Bibilical Portraits: Rebecca (5)

The Question

In the last post, we spoke about the phrase:  שְׁנֵי גֹיִים בְּבִטְנֵךְ – Two nations are in your womb – from the prophecy that Lord gave to Rebecca when she was still pregnant. I mentioned that this phrase has been used repeatedly in our history to define the relationship of the people of Israel to the nations around them. Israel Yuval, a Professor from Hebrew University (and my former professor, by the way) wrote a book titled: “Two nations are in your womb”, about the  perceptions of Jews and Christians in Late Antiquity and the Middle Ages – and I highly recommend this very interesting book.

We already know that, even among the patriarchs, Isaac’s and Rebecca’s family seems to stand out:  Isaac was the only monogamous patriarch, we are told that he loved his wife and prayed for her; moreover, this is the only case from all the three barren wives where Scripture informs us that Rebecca conceived because the Lord answered Isaac’s prayer, so they seemed to be a very tender and loving couple, especially during the first part of their marriage.

However, we all know the story about Jacob’s conflict with his brother Esau – and we also know that the whole story of Jacob’s life was greatly affected, maybe even defined and determined by this conflict. Moreover, even though the two brother’s pattern runs throughout the whole book of Genesis, Jacob and Esau—unlike Isaac and Ishmael, for instance, or Joseph and his brothers—had the same parents (and loving parents, as we have seen). So, how did this terrible split between the brothers happen?

The Torah doesn’t provide any judgment or explanation of this conflict. It doesn’t justify, doesn’t excuse, doesn’t provide any comments at all; it just states the facts:  Isaac loved Esau … but Rebecca loved Jacob[1] – and we are left to wonder whether this parental favoritism was the original source of the conflict or whether the brothers had not been getting along well even before it became obvious. It is clear, however, that parental favoritism played a very significant role in the conflict of the brothers – otherwise the Scripture would not tell us about it. Let us try to answer the question then: why did this favoritism happen, and how did it start? Why did Isaac love Esau? Why did Rebecca love Jacob?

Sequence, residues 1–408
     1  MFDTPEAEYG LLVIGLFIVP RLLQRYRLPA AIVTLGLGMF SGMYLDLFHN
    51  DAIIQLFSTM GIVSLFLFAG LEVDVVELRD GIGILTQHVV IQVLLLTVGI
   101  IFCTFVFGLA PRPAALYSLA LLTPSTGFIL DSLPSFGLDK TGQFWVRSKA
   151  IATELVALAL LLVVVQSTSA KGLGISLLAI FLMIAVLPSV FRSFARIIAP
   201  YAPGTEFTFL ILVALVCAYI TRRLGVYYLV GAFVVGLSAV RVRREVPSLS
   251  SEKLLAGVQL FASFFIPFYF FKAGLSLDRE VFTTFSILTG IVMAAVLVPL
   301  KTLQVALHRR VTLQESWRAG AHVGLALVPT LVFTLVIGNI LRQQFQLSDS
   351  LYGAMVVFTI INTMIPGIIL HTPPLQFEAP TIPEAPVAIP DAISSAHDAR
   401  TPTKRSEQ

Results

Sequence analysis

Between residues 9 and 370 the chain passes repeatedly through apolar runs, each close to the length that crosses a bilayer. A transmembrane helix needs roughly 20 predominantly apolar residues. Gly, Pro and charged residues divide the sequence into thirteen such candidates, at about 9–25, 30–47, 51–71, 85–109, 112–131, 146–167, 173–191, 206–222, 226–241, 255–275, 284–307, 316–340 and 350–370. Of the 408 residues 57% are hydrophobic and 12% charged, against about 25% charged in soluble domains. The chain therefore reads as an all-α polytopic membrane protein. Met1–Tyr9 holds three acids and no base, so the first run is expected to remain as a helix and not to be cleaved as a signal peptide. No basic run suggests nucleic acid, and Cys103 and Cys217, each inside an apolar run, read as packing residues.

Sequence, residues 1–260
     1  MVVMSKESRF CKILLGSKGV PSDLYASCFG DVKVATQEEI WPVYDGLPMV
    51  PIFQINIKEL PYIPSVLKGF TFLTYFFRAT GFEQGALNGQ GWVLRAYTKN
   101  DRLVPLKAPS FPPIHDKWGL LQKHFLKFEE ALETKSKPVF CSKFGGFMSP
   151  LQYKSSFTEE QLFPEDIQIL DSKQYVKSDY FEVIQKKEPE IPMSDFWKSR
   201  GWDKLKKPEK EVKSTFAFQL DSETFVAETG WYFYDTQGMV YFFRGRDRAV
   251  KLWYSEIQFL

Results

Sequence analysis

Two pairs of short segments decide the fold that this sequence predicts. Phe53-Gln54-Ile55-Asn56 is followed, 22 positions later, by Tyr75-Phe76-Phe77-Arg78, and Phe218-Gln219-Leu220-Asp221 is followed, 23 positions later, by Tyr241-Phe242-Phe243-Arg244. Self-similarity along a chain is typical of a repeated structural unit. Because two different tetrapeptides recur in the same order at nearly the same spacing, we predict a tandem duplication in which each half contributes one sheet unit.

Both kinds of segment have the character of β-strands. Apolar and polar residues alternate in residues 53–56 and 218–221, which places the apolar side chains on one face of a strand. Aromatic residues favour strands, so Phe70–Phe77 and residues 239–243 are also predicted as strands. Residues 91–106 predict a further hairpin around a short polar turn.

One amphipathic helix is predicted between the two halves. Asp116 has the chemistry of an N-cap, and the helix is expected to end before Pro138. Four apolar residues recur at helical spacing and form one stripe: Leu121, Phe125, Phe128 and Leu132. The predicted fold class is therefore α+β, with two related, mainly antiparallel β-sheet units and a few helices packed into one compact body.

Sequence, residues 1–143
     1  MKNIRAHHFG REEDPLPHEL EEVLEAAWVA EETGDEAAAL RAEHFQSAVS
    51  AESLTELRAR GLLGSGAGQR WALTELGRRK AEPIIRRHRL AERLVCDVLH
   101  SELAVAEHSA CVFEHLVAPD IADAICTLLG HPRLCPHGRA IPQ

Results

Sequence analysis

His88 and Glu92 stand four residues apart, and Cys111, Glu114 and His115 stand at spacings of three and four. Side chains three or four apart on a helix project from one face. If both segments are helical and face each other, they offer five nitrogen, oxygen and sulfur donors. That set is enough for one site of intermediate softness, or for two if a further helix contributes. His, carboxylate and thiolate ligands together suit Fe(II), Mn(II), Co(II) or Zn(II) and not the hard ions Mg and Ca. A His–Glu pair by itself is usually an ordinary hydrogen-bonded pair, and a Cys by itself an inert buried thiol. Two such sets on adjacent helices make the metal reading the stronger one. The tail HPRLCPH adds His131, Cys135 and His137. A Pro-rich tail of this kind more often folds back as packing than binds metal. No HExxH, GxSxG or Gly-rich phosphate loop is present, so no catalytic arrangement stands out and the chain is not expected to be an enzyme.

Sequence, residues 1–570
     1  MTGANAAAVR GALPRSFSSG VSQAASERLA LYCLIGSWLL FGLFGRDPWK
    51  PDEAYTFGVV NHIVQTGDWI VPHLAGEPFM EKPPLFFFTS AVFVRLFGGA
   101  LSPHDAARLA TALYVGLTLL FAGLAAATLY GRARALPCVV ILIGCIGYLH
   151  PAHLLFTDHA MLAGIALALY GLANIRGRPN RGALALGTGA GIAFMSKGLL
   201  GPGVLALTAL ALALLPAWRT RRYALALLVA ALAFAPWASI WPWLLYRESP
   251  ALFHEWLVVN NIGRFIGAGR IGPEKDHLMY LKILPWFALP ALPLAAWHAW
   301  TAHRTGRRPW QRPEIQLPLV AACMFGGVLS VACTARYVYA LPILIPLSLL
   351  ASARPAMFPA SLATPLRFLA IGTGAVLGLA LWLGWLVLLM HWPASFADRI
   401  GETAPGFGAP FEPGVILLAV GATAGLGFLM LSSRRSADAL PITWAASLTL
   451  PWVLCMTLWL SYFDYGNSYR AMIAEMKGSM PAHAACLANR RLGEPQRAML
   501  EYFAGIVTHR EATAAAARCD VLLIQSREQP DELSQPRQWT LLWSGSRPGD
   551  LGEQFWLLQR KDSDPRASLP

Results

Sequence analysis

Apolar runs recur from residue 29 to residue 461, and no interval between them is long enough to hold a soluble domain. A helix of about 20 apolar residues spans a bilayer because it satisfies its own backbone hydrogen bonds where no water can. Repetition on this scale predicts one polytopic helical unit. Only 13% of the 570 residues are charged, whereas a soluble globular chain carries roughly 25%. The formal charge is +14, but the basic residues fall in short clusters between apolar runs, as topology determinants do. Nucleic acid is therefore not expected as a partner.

The Different Backgrounds

I’ve already mentioned a wonderful book by Israel Yuval. Among the other things, his answers to these questions and his analysis of Isaac and Rebecca’s personalities are very non-traditional and for me personally, have become really eye-opening. I will use some of his analysis here in this article.   

In order to understand the background for the twins, let us speak for a moment about the background of the parents—of Isaac and Rebecca.  First of all, Isaac is “sabra”, as we would say today: he was born in the Land, and he is the only one of the patriarchs who has never been outside of the land (has never been bahul, as we would say in Hebrew today). He wanders little, and following God’s commandment  doesn’t even leave the land in time of famine.[2] He belongs to this Land – and in that, he differs a lot from his mother and his father:  as we know, they both came to the Land in obedience to God’s call, which means they both were immigrants.

Not only was Isaac born in the Land and is completely connected to the Land, he also works the land! He tries something that his father hadn’t tried, and becomes the first farmer in his family: he sows and reaps and is extremely blessed in that.  “Then Isaac sowed in that land, and reaped in the same year a hundredfold; and the LORD blessed him. [3] Isaac has been always “the man of the Land” – but after that, he actually becomes “the man of the field”.

Rebecca, on the other hand, is an immigrant in this Land, coming from a completely different culture and background.  Moreover, the very same verse that informs us of Isaac’s love for Rebecca, also says that “Isaac brought her into his mother Sarah’s tent”.[4]  From that time on, Rebecca’s place has been in the tent of her late mother-in-law.